When Al Rajhi Bank Malaysia approached Arsalaan Ahmed, also known as Oz, to take up the CEO position, he wasn’t particularly looking for a new role. But Arsalaan quickly realised he would be able to make a major impact at the largest Islamic bank in the world, by assets, and improve its position in Malaysia to match its strong heritage.
“I’ve been a career Islamic banker and I felt that the Al Rajhi Bank should really be doing a lot better in Malaysia because it’s a leading brand from an industry perspective,” he says.
Another aspect of the role that drew in Arsalaan was an ambitious digital transformation project at the bank. In the past, he had found doing any type of transformation in the banking sector, especially when it is related to sustainability, to be quite slow-moving.
“It wasn’t innovative enough, it was stuck in its way and that to me is not just a matter for Malaysia, I think that’s a general problem,” he explains. “Al Rajhi Bank Malaysia had said, ‘Look, we want to do some real transformation,’ and given that empowerment to do something bold was the reason I was excited to join the bank.”
Since joining Al Rajhi Bank Malaysia in February last year, Arsalaan has set in motion an ambitious plan to better meet the needs of customers in the country. The first milestone, which will be realised this year, is to launch a digital bank, using its existing licence.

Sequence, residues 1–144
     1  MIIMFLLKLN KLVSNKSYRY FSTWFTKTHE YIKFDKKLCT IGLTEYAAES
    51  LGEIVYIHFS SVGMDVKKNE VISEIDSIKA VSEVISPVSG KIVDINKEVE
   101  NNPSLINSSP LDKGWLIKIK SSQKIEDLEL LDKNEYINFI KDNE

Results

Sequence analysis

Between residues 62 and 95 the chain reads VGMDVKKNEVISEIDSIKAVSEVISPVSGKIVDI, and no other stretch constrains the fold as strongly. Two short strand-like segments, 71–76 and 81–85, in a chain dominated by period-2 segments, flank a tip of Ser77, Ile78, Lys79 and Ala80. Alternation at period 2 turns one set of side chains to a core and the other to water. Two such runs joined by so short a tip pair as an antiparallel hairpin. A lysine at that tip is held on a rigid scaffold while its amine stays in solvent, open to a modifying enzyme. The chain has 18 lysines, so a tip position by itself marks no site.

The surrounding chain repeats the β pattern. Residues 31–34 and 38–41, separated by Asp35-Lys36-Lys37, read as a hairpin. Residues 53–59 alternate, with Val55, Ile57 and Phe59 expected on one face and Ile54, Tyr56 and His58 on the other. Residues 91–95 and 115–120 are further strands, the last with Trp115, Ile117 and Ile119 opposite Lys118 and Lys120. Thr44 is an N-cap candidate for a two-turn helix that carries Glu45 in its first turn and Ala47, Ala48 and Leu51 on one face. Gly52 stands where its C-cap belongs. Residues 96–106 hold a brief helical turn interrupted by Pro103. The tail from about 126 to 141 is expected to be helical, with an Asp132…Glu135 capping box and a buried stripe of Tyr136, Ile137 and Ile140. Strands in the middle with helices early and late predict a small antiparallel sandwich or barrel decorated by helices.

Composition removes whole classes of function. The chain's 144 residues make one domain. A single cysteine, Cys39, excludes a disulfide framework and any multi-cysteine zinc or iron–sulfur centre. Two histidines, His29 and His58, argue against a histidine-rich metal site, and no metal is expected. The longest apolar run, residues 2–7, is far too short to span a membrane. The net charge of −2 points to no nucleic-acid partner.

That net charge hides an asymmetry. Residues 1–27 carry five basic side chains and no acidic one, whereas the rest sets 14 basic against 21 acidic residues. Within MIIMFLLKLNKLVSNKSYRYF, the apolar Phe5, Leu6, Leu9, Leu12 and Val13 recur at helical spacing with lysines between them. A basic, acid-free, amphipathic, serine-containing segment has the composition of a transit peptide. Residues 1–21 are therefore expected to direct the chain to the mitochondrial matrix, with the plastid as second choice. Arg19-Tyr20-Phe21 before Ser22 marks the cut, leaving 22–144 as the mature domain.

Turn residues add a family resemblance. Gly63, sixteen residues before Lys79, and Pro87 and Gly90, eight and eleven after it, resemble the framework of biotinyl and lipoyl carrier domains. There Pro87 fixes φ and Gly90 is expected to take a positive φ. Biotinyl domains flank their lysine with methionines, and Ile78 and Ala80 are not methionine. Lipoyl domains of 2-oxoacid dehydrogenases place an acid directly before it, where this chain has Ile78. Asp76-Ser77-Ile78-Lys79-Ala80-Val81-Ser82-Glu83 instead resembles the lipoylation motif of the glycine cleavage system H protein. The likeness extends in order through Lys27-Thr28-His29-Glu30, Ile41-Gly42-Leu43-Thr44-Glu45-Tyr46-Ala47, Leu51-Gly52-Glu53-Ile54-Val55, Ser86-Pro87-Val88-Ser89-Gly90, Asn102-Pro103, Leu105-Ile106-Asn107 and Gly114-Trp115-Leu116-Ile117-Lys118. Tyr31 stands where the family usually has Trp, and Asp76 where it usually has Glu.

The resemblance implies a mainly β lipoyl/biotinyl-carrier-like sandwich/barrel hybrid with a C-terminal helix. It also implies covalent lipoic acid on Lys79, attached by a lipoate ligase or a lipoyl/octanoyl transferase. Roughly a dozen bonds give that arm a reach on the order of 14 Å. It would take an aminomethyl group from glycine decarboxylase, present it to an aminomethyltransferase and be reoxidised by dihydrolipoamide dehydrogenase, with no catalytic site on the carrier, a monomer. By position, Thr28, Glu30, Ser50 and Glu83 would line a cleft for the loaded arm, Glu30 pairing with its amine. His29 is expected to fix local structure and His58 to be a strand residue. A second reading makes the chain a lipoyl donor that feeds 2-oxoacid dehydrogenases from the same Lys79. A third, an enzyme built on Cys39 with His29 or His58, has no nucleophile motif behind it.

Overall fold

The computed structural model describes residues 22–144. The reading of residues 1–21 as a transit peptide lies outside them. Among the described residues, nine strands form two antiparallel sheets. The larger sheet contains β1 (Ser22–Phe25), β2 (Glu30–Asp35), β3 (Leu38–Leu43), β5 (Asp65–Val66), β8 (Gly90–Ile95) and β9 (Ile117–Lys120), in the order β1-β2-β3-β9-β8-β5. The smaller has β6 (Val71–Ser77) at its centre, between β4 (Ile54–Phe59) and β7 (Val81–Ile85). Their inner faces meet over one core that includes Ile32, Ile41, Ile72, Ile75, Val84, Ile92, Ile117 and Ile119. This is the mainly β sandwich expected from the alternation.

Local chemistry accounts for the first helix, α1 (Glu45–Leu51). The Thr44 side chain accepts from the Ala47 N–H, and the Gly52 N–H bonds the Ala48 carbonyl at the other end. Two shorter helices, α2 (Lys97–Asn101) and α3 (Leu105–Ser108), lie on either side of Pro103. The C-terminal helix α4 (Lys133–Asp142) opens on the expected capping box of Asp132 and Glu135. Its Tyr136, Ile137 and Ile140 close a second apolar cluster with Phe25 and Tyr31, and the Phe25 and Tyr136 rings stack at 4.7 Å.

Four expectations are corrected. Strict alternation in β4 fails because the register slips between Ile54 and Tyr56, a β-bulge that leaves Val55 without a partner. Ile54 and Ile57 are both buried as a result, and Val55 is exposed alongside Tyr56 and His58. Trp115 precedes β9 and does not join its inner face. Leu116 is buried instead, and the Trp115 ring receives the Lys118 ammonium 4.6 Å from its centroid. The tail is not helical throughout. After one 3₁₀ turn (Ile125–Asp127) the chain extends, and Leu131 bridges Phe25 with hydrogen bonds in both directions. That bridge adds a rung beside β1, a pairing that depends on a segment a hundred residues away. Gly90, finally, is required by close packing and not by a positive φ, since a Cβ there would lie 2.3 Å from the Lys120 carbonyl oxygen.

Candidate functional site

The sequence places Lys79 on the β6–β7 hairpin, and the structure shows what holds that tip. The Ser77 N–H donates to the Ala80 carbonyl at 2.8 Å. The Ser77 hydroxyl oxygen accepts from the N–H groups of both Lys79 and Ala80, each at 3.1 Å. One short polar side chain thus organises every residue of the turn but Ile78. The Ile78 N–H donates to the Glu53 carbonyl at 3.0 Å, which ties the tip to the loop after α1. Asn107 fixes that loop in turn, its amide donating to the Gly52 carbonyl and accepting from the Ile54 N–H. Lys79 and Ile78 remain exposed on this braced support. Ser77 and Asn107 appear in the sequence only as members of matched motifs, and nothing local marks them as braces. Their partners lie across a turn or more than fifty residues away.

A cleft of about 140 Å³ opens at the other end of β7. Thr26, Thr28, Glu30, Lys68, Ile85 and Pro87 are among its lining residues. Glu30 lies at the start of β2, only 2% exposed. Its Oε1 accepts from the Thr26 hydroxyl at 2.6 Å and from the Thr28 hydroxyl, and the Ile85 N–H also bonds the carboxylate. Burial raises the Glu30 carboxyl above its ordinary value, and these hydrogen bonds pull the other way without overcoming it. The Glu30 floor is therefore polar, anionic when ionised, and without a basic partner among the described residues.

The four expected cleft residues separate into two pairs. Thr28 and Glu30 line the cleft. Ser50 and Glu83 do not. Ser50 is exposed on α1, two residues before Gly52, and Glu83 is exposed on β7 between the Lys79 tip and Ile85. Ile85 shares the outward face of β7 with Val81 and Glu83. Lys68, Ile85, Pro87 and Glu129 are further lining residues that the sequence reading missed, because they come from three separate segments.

The initial set-up will focus on the retail and small and medium-size (SME) enterprises, and will have a completely independent technology architecture, brand, go-to market and brand promises. “We see that as a firm engine of growth,” Arsalaan says.
Over the next three years, Al Rajhi Bank Malaysia plans to not only develop products itself, but also work with an ecosystem of other product providers.
“Partnerships in the ecosystem is very important and allows us to be able to understand what’s working and what’s not before we even commit to developing, say, a particular suite of products. But it also allows us to focus on what we are good at,” Arsalaan says.
On the journey to higher growth, like many other organisations, Al Rajhi Bank Malaysia has to overcome a range of internal and external challenges. A major internal obstacle is establishing a new mindset and approach towards banking and how to approach the use of technology to reach central aims.
Bringing in stakeholders onto the journey that it is on can be a difficult area to navigate, especially when it comes to articulating to regulatory bodies and to the board of directors. As the bank is undergoing a transformation and creating a digital bank, there is a need to run two different governance models, with it being essential for both of these sides to co-exist well.
Partnerships in the ecosystem is very important and allows us to be able to understand what is working and what is not.
“There are some people who actually have to have one foot in both. That adaptability needs to be there, understanding that the two worlds exist together,” he says.
Embracing a new way of doing things is a challenge at any age but by prioritising agile ways of working, Arsalaan hopes to move away from the older structured and rigid way of working.
“You’ve got executives who are at the senior management level. They might be in their late forties, early fifties, and they’ve spent their life going through the typical structured governance method of running a bank,” he explains. “Now, this massive change comes and it’s necessary to compete.”